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Wayne W. Flora, M.D.
JAMA. 1960;173(4):444-445. doi:10.1001/jama.1960.03020220118024.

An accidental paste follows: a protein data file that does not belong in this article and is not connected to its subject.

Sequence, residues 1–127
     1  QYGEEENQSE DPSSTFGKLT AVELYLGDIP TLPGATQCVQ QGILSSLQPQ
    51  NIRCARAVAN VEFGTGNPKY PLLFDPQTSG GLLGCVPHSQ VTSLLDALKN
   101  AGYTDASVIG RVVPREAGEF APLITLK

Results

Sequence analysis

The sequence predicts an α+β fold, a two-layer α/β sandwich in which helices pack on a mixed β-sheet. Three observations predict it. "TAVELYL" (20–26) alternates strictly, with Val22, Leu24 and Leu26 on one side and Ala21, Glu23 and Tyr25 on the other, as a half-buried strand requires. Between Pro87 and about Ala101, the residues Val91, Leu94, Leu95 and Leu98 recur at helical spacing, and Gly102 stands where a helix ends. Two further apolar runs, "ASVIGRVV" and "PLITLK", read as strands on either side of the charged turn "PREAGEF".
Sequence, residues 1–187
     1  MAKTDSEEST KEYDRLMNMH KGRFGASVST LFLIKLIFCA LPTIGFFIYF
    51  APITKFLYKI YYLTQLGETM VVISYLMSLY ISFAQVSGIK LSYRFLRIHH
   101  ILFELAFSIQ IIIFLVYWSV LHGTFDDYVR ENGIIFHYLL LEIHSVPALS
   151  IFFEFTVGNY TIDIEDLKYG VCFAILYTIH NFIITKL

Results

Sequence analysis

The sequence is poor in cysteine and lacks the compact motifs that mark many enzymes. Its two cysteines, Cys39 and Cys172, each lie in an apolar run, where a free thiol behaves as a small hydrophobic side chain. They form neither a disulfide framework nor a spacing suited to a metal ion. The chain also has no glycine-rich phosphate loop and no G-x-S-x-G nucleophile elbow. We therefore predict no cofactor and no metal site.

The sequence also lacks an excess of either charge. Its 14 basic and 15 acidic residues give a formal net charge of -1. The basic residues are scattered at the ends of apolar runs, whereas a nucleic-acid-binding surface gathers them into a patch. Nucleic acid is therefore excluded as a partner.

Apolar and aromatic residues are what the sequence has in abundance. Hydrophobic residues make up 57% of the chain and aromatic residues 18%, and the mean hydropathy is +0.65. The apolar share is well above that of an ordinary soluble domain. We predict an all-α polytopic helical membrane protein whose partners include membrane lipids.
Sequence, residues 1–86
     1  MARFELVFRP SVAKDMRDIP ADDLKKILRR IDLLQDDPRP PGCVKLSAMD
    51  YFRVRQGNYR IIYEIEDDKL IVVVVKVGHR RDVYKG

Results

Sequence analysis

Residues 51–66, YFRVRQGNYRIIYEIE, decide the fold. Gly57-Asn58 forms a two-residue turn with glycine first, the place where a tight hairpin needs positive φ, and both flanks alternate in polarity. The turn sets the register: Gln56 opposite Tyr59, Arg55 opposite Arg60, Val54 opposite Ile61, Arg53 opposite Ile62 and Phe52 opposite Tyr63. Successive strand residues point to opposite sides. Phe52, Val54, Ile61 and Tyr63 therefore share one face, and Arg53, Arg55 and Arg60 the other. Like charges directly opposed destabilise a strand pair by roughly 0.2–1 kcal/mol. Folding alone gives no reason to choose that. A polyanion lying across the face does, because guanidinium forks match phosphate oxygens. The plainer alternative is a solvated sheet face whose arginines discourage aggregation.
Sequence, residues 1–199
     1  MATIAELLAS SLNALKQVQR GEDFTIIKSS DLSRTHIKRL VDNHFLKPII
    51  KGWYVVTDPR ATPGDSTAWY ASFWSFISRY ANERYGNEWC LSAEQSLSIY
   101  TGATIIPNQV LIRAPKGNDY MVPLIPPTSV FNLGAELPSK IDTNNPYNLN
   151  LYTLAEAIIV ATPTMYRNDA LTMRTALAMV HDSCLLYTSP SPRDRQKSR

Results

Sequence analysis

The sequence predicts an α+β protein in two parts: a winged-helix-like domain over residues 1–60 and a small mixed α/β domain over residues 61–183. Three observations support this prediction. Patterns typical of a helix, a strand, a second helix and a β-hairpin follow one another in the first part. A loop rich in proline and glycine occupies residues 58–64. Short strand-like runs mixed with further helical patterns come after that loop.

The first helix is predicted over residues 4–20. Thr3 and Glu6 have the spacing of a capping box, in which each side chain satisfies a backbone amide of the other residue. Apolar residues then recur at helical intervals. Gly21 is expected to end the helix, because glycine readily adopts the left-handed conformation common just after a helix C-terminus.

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To the Editor:—  In two recent articles, lesions of the ascending colon have been intimated to be cecal. By definition (Thorek: Anatomy in Surgery, Philadelphia, J. B. Lippincott Company, 1951; Turell: Diseases of Colon and Anorectum, Philadelphia, W. B. Saunders Company, 1959, vol. 1; Spalteholz: Handatlas der Anatomie des Menschen, Leipzig, Verlag von S. Hirzel, 1920, vol. 3), the cecum is that portion of the large intestine of which the distal limit is the ileocecal valve. Accordingly, that part of the colon immediately above or distal to this site is part of the ascending colon.In the article by Waggener and others entitled "Asymptomatic Tuberculous Enteritis Simulating Carcinoma of the Cecum" in The Journal, Nov. 7, 1959, page 1337, it is stated that "roentgenographic examinations of the colon with use of the barium enema revealed a persistent filling defect of the middle of the ascending colon," and the legend beneath


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